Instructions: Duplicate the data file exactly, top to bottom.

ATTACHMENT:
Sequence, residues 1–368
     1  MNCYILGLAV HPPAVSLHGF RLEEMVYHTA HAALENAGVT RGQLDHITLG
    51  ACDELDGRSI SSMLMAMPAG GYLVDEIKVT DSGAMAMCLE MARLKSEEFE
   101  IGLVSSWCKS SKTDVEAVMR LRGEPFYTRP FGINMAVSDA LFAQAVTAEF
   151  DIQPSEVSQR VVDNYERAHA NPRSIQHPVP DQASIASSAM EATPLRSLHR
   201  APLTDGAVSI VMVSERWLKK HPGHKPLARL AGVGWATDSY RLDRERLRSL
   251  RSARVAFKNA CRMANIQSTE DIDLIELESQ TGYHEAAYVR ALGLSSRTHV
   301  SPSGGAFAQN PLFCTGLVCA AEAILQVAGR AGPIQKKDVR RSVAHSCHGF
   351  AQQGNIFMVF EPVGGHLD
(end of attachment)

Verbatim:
Sequence, residues 1–368
     1  MNCYILGLAV HPPAVSLHGF RLEEMVYHTA HAALENAGVT RGQLDHITLG
    51  ACDELDGRSI SSMLMAMPAG GYLVDEIKVT DSGAMAMCLE MARLKSEEFE
   101  IGLVSSWCKS SKTDVEAVMR LRGEPFYTRP FGINMAVSDA LFAQAVTAEF
   151  DIQPSEVSQR VVDNYERAHA NPRSIQHPVP DQASIASSAM EATPLRSLHR
   201  APLTDGAVSI VMVSERWLKK HPGHKPLARL AGVGWATDSY RLDRERLRSL
   251  RSARVAFKNA CRMANIQSTE DIDLIELESQ TGYHEAAYVR ALGLSSRTHV
   301  SPSGGAFAQN PLFCTGLVCA AEAILQVAGR AGPIQKKDVR RSVAHSCHGF
   351  AQQGNIFMVF EPVGGHLD